You are like a war novel, entirely lacking female characters, except for an occasional letter that makes one of the men cry. I am like a table that eats its own legs off because it’s fallen in love with the floor. My frantic hand can’t find where my leg went. You can play the tourniquet. A tree with white limbs will grow here someday. Or maybe a pup tent that’s collapsed in on itself, it so loves the sleep of men sleeping beneath it. The reason why women dislike war movies may have something to do with why men hate romantic comedies: they are both about war. Perhaps I should live in a pig’s trough. There, I’d be wanted. There, I’d be tasted. When the mail bag drops from the sky and lands heavy on the jungle floor, its letters are prepared to swim away with your tears. One letter reads: I can barely feel furtive. The other: I am diminishing.
First published in The Kenyon Review New Series, Summer 2004, Vol. XXVI, No. 3. Copyright © Cate Marvin. Reprinted with permission of the author.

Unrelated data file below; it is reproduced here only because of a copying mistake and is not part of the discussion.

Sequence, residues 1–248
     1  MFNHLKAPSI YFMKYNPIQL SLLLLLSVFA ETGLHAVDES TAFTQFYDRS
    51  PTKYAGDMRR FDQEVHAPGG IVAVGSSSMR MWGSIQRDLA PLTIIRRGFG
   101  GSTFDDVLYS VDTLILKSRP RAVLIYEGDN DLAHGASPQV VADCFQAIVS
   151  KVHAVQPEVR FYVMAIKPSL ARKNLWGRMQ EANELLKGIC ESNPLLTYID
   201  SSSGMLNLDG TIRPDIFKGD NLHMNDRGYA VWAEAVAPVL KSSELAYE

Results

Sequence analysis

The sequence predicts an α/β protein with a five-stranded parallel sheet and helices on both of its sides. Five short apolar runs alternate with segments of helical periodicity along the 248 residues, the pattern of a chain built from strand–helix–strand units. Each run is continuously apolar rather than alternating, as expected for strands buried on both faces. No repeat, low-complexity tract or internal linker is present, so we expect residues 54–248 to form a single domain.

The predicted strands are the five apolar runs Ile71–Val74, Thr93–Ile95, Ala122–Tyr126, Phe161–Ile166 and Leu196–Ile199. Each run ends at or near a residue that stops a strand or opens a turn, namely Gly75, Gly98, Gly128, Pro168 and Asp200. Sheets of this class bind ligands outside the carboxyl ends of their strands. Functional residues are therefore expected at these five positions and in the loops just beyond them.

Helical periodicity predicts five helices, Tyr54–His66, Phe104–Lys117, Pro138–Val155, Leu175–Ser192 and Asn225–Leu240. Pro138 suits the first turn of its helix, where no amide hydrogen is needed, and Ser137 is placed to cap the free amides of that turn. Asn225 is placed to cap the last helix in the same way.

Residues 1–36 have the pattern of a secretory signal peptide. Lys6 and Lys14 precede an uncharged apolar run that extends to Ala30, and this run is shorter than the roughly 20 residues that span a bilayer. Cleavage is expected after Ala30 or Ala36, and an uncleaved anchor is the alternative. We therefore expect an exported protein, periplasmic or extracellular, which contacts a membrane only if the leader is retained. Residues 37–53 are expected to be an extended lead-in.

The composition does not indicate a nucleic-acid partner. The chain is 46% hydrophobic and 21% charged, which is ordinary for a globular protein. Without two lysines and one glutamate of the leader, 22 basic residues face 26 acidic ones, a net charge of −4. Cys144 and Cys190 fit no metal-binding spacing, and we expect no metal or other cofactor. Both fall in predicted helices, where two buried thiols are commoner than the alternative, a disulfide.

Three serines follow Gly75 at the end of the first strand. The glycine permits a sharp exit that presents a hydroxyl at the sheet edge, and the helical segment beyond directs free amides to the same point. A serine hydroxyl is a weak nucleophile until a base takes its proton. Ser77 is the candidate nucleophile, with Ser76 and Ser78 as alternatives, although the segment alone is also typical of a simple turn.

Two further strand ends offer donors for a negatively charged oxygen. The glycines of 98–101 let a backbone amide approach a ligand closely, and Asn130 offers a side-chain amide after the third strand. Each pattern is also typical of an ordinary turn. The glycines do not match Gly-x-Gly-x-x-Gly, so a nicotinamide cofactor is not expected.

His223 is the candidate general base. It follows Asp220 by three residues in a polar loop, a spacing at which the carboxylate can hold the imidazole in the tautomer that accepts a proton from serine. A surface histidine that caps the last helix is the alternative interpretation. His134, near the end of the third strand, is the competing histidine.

Near the entrance, a patch of tall grass.
Near the tall grass, long-stemmed plants;
each bending an ear-shaped cone
to the pond’s surface. If you looked closely,
you could make out silvery koi
swishing toward the clouded pond’s edge
where a boy tugs at his mother’s shirt for a quarter.
To buy fish feed. And watching that boy,
as he knelt down to let the koi kiss his palms,
I missed what it was to be so dumb
as those koi. I like to think they’re pure,
that that’s why even after the boy’s palms were empty,
after he had nothing else to give, they still kissed
his hands. Because who hasn’t done that—
loved so intently even after everything
has gone? Loved something that has washed
its hands of you? I like to think I’m different now,
that I’m enlightened somehow,
but who am I kidding? I know I’m like those koi,
still, with their popping mouths, that would kiss
those hands again if given the chance. So dumb.
From Scale. Copyright © 2017 by Nathan McClain. Used with the permission of The Permissions Company, Inc., on behalf of Four Way Books, www.fourwaybooks.com.